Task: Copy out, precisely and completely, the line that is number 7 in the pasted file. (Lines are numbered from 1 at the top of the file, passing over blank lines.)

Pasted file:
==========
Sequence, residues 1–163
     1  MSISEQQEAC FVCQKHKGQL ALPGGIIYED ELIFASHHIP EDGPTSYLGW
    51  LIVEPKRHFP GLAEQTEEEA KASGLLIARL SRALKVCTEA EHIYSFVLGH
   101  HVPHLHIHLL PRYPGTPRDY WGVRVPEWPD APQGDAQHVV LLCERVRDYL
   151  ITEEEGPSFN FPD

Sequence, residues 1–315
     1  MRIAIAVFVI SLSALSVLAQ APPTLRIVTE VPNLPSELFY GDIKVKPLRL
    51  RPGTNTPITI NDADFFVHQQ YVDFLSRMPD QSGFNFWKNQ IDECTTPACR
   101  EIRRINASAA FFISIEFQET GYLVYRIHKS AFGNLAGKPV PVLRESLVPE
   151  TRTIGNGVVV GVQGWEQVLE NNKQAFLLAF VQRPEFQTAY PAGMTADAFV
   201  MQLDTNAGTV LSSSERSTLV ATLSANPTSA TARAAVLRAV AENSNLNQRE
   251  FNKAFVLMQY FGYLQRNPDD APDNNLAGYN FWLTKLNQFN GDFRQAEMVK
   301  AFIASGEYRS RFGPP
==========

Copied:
     1  MRIAIAVFVI SLSALSVLAQ APPTLRIVTE VPNLPSELFY GDIKVKPLRL